Symbol Systems as Collective Representational Resources: Mary Hesse, Nelson Goodman, and the Problem of Scientific Representation

Abstract

This short paper grew out of an observation—made in the course of a larger research project—of a surprising convergence between, on the one hand, certain themes in the work of Mary Hesse and Nelson Goodman in the 1950/60s and, on the other hand, recent work on the representational resources of science, in particular regarding model-based representation. The convergence between these more recent accounts of representation in science and the earlier proposals by Hesse and Goodman consists in the recognition that, in order to secure successful representation in science, collective representational resources must be available. Such resources may take the form of (amongst others) mathematical formalisms, diagrammatic methods, notational rules, or—in the case of material models—conventions regarding the use and manipulation of the constituent parts. More often than not, an abstract characterization of such resources tells only half the story, as they are constituted equally by the pattern of (practical and theoretical) activities—such as instances of manipulation or inference—of the researchers who deploy them. In other words, representational resources need to be sustained by a social practice; this is what renders them collective representational resources in the first place.

Download options

PhilArchive

External links

  • This entry has no external links. Add one.
Setup an account with your affiliations in order to access resources via your University's proxy server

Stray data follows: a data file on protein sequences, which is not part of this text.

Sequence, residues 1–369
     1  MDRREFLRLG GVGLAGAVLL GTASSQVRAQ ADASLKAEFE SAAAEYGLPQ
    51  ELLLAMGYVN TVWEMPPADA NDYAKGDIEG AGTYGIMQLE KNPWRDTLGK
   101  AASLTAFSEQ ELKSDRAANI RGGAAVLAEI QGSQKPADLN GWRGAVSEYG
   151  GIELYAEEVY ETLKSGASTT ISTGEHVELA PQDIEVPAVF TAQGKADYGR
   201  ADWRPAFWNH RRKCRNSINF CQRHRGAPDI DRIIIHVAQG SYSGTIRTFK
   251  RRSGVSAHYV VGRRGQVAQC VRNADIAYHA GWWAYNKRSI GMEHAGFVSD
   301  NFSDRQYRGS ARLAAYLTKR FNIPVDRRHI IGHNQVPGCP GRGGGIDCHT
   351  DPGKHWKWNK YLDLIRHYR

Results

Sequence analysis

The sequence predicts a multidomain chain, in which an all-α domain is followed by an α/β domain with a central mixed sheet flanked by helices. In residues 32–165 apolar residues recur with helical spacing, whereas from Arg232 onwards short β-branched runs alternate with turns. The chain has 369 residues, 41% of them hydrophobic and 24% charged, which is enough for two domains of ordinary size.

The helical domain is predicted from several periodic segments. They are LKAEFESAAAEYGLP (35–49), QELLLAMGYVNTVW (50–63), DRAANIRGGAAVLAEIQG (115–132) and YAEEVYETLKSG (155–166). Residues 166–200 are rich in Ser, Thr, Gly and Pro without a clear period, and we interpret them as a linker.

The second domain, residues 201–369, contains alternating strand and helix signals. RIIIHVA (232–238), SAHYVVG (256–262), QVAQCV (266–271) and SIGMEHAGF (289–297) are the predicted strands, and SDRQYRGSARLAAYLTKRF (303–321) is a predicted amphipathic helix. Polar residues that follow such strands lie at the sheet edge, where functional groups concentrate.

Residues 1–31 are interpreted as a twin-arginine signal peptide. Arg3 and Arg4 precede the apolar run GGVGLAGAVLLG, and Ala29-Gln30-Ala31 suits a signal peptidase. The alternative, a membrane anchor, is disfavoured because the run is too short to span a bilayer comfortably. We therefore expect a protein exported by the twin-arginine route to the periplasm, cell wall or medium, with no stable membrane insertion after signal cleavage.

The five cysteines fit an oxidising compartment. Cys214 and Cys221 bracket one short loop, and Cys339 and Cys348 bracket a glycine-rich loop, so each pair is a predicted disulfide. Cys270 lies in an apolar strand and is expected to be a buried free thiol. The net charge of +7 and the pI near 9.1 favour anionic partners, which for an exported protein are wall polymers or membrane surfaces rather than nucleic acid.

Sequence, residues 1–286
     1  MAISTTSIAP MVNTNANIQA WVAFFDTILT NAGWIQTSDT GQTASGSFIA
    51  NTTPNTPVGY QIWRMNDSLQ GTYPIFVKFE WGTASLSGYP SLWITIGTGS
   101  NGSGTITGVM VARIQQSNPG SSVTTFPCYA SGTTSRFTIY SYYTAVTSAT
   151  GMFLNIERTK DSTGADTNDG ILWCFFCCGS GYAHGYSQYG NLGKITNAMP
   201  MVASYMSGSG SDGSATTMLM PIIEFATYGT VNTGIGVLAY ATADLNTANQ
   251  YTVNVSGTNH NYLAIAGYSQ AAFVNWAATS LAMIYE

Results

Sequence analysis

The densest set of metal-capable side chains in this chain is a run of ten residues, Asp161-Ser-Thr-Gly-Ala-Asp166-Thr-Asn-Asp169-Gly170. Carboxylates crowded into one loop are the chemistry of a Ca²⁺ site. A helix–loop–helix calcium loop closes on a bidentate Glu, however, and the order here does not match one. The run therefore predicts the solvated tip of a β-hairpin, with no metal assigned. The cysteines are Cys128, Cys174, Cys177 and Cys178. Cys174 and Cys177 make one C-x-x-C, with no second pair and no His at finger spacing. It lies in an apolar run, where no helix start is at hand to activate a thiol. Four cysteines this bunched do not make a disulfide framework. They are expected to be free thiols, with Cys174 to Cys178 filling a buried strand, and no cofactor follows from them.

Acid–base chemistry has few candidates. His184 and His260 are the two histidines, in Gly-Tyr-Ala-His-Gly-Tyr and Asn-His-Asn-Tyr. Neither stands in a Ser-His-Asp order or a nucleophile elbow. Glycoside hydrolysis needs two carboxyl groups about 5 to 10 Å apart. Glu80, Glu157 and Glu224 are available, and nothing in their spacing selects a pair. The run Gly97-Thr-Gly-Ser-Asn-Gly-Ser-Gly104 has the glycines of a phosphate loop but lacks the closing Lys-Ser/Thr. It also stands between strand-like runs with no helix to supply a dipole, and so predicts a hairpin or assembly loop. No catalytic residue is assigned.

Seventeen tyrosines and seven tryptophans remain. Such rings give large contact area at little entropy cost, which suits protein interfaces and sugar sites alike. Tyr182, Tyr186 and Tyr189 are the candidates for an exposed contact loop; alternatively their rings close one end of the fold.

Through your library

Analytics

Added to PP
2015-06-26

Downloads
263 (#42,954)

6 months
13 (#60,034)

Historical graph of downloads
How can I increase my downloads?

Author's Profile

Axel Gelfert
Technische Universität Berlin

References found in this work

The Extended Mind.Andy Clark & David J. Chalmers - 1998 - Analysis 58 (1):7-19.
Minds: Extended or Scaffolded? [REVIEW]Kim Sterelny - 2010 - Phenomenology and the Cognitive Sciences 9 (4):465-481.
Modelling and Representing: An Artefactual Approach to Model-Based Representation.Tarja Knuuttila - 2011 - Studies in History and Philosophy of Science Part A 42 (2):262-271.

View all 8 references / Add more references

Similar books and articles

Models as Make-Believe.Adam Toon - 2010 - In Roman Frigg & Matthew Hunter (eds.), Beyond Mimesis and Convention: Representation in Art and Science. Boston Studies in Philosophy of Science.
Using Goodman to Explore Historical Representation.Eugen Zeleňák - 2013 - Journal of the Philosophy of History 7 (3):371-395.
Misrepresentation in Context.Woosuk Park - 2014 - Foundations of Science 19 (4):363-374.
The Metaphorical Conception of Scientific Explanation: Rereading Mary Hesse. [REVIEW]Maria Rentetzi - 2005 - Journal for General Philosophy of Science / Zeitschrift für Allgemeine Wissenschaftstheorie 36 (2):377 - 391.
The Naturalism of Pictorial Representation.Douglas John Dempster - 1983 - Dissertation, The University of North Carolina at Chapel Hill
Depiction and Convention.Ben Blumson - 2008 - Dialectica 62 (3):335-348.
Re-Inflating the Conception of Scientific Representation.Chuang Liu - 2015 - International Studies in the Philosophy of Science 29 (1):41-59.
Nelson Goodman's ‘Languages of Art’: A Study.Anthony Savile - 1971 - British Journal of Aesthetics 11 (1):3-27.
Analog Representations and Their Users.Matthew Katz - 2016 - Synthese 193 (3):851-871.